Some time ago I was delivering two workshops in Toronto. During the first, there were a couple of comments about professionalism, along the lines of, “I want my people to act like professionals.” Others in the room nodded their heads, and while I considered asking a follow-up, clarifying question, I opted to move on with the workshop. The question I could have asked would have been something like, “And what does professionalism look like?” While I didn’t ask it, I think it is a good question and one that I received an emphatic answer to later that evening.
There are plenty of things that can go wrong with meetings, and the litany of complaints about them is long. In my 25 years of attending, observing and facilitating meetings, one of the biggest challenges I’ve seen is groups staying on topic. The problem is a natural one – if you put a group of intelligent, interested people in a room, they are going to have thoughts that aren’t completely in line with the current topic, and when they get voiced they can put the group off task or topic.
Maybe you find yourself in a new team environment and leading a team for the first time, or maybe you have been working with and leading teams forever. Either way, the keys in this article – whether as new information or a fresh reminder – can make a world of difference in morale, productivity and results from teams.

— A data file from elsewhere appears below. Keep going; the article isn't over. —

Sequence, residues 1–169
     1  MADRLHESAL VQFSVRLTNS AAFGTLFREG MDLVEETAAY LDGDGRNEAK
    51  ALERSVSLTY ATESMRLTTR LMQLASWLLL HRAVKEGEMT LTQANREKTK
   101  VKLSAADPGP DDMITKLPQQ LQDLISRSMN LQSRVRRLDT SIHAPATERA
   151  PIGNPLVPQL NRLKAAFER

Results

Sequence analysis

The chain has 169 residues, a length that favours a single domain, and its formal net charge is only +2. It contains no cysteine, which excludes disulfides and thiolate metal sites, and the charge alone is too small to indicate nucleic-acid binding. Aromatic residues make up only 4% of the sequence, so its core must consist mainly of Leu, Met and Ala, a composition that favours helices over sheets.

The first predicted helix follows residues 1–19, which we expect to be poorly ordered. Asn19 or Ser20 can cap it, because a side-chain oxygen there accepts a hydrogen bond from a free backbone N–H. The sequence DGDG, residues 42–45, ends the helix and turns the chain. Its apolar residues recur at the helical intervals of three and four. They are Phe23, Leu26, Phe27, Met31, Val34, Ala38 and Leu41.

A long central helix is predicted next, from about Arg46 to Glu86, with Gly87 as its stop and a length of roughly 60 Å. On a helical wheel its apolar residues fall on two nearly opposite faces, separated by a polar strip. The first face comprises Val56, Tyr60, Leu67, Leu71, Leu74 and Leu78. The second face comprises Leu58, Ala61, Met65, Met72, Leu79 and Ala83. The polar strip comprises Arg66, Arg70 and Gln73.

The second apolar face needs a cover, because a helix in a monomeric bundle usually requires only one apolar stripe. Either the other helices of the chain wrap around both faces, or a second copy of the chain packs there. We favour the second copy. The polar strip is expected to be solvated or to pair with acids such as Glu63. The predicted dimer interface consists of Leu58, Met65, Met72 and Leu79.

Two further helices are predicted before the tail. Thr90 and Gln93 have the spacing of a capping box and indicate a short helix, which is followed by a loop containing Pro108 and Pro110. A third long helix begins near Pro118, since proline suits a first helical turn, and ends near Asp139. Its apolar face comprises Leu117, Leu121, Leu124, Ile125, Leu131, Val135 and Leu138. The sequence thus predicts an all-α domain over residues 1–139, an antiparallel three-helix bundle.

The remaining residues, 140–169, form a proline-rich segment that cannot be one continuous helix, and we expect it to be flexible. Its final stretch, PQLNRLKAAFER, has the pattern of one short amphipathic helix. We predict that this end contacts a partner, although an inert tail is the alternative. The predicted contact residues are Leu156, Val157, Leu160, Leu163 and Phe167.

There is little doubt that the National Football League is the national pastime of our country. And while it is an enjoyable pastime, it can also be a massive productivity sucker. So how can you balance being a football fan and being productive for the next 20+ weeks?
If I could give you a tool or resource that would change your life in positive ways, change your results, create more happiness in your life and help you get better at anything you desired . . . And if I could promise you that this tool would cost you nothing, require only yourself and could be used at any time . . . Would you be interested? I bet you would.
Everyone thinks teams are a good thing. Leaders like to form teams. People, for the most part believe in the value and purpose of teams . . . “All of us are smarter than each of us.” and “1 + 1 = 3” . . . are just two common phrases that reinforce and prove how pervasive our belief in teams is. And that belief is justified . . . sometimes. The fact is, sometimes we would be better off without a team – with individuals contributing as individuals. What? No team? At least not the type of team you probably think of when you think of a team.
If you are a parent, you are familiar with these thoughts and feelings . . . Who is my child hanging out with? Do I know the parents of those kids? What kinds of influences are they subject to?